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Partial peace rebel groups inside and outside civil war settlements

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  • Nilsson, Desiree
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    Abstract

    Previous research proposes that peace is more likely to become durable if all rebel groups are included in the settlement reached. The argument implies that if actors are excluded and continue to pursue the military course, this could have a destabilizing effect on the actors that have signed an agreement. This article argues that all-inclusive peace deals - signed by the government and all rebel groups - are not the panacea for peace that many seem to believe. Given that the parties are strategic actors who are forward-looking when making their decisions, the signatories should anticipate that the excluded parties may continue to fight. Therefore, the risk of violent challenges from outside actors is likely to already be factored into the decision-making calculus when the signatories decide to reach a deal, and so does not affect their commitment to peace. Implications from this theoretical argument are tested using unique data on the conflict behavior of the government and each of the rebel groups in internal armed conflicts during the post-Cold War period. The results are well in line with the theoretical expectations and show that whether an agreement leaves out some actor does not affect whether the signatories stick to peace. The results demonstrate that even when excluded rebel groups engage in conflict, this does not affect the signatories'commitment to peace. Hence, the findings suggest that partial peace is possible.

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    Bibliographic Info

    Paper provided by The World Bank in its series Policy Research Working Paper Series with number 4572.

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    Date of creation: 01 Mar 2008
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    Handle: RePEc:wbk:wbrwps:4572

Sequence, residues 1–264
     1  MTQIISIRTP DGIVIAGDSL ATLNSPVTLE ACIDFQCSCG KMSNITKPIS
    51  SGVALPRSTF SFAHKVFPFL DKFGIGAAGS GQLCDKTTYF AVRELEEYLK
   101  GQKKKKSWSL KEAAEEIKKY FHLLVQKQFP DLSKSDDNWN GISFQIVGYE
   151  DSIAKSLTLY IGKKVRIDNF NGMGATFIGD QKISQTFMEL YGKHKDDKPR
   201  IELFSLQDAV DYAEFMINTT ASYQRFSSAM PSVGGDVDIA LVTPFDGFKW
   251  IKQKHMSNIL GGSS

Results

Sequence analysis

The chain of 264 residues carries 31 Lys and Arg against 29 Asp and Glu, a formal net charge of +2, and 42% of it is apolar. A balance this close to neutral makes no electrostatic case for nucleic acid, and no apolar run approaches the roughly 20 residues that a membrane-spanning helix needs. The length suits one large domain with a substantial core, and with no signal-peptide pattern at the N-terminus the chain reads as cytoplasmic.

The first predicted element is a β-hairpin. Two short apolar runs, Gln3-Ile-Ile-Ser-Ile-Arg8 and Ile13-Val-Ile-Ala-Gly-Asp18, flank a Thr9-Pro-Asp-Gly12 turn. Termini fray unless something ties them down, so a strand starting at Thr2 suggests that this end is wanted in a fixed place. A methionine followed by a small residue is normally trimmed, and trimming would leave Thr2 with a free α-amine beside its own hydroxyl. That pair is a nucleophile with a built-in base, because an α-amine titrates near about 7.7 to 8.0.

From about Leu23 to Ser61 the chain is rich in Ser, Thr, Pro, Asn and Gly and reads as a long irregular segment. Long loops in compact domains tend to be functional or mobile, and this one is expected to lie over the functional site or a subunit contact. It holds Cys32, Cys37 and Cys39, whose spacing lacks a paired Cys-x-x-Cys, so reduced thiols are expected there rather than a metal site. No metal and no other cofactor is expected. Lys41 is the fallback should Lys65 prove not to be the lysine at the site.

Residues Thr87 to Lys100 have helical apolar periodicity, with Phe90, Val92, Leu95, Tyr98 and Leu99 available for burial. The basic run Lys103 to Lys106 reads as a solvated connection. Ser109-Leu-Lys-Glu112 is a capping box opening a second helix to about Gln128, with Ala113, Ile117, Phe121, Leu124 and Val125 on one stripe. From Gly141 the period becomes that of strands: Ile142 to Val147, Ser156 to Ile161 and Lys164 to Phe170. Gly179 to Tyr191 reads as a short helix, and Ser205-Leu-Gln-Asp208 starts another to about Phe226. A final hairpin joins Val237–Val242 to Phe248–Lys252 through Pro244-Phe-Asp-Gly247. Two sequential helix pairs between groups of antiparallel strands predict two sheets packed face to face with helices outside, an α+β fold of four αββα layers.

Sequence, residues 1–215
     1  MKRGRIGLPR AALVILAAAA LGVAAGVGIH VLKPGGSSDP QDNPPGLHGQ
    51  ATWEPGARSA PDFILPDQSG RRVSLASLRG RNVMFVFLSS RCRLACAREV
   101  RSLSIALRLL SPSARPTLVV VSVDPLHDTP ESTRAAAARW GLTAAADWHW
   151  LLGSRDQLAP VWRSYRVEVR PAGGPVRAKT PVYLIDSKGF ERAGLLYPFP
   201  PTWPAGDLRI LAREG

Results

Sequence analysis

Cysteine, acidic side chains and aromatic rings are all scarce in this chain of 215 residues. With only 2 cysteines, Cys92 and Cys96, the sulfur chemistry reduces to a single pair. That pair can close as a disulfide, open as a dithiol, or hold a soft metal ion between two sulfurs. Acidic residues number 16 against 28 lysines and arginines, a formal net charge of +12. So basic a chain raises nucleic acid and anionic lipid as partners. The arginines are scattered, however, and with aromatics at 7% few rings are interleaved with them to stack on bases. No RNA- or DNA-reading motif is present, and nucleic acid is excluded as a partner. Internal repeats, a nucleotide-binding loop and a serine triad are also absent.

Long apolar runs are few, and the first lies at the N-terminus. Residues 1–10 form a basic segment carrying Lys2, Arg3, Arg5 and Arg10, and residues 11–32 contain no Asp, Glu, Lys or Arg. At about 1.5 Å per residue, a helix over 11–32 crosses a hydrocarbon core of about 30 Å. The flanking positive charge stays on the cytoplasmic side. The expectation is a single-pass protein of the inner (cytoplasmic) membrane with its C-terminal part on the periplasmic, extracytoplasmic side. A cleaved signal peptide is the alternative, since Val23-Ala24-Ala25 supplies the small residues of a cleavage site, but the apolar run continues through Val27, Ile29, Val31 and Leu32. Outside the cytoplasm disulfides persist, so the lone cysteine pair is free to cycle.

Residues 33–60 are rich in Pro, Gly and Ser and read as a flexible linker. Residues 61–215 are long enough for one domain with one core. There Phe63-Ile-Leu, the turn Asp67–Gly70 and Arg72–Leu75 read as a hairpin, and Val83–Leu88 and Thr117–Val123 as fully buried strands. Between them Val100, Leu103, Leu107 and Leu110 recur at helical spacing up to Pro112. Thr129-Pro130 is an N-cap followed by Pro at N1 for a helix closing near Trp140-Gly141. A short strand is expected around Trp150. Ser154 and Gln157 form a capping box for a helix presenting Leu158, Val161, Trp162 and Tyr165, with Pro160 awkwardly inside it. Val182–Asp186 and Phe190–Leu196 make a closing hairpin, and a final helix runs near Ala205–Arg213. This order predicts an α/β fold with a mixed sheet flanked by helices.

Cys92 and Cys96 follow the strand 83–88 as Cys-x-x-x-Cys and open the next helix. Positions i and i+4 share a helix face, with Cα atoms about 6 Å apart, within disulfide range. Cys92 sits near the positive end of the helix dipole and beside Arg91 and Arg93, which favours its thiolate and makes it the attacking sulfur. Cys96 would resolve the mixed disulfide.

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    Keywords: Post Conflict Reconstruction; Post Conflict Reintegration; Peace&Peacekeeping; International Affairs; Social Conflict and Violence;

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    1. Fearon, James D., 1995. "Rationalist explanations for war," International Organization, Cambridge University Press, vol. 49(03), pages 379-414, June.
    2. Hartzell, Caroline & Hoddie, Matthew & Rothchild, Donald, 2001. "Stabilizing the Peace After Civil War: An Investigation of Some Key Variables," International Organization, Cambridge University Press, vol. 55(01), pages 183-208, December.
    3. David B. Hertz, 1972. "Discussion," Management Science, INFORMS, vol. 19(4-Part-2), pages P35-P36, December.
    4. Micahael Tomz & Jason Wittenberg & Gary King, . "Clarify: Software for Interpreting and Presenting Statistical Results," Journal of Statistical Software, American Statistical Association, vol. 8(i01).
    5. Werner, Suzanne & Yuen, Amy, 2005. "Making and Keeping Peace," International Organization, Cambridge University Press, vol. 59(02), pages 261-292, April.
    6. Darren Filson & Suzanne Werner, . "A Bargaining Model of War and Peace: Anticipating the Onset, Duration, and Outcome of War," Claremont Colleges Working Papers 2001-02, Claremont Colleges.
    7. Cetinyan, Rupen, 2002. "Ethnic Bargaining in the Shadow of Third-Party Intervention," International Organization, Cambridge University Press, vol. 56(03), pages 645-677, June.
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    Cited by:
    1. Julián Arévalo Bencardino, 2014. "Construcción de paz y un nuevo modelo de construcción de Estado: una lectura de los dos primeros acuerdos de La Habana," Revista de Economía Institucional, Universidad Externado de Colombia - Facultad de Economía, vol. 16(30), pages 131-169, January-J.

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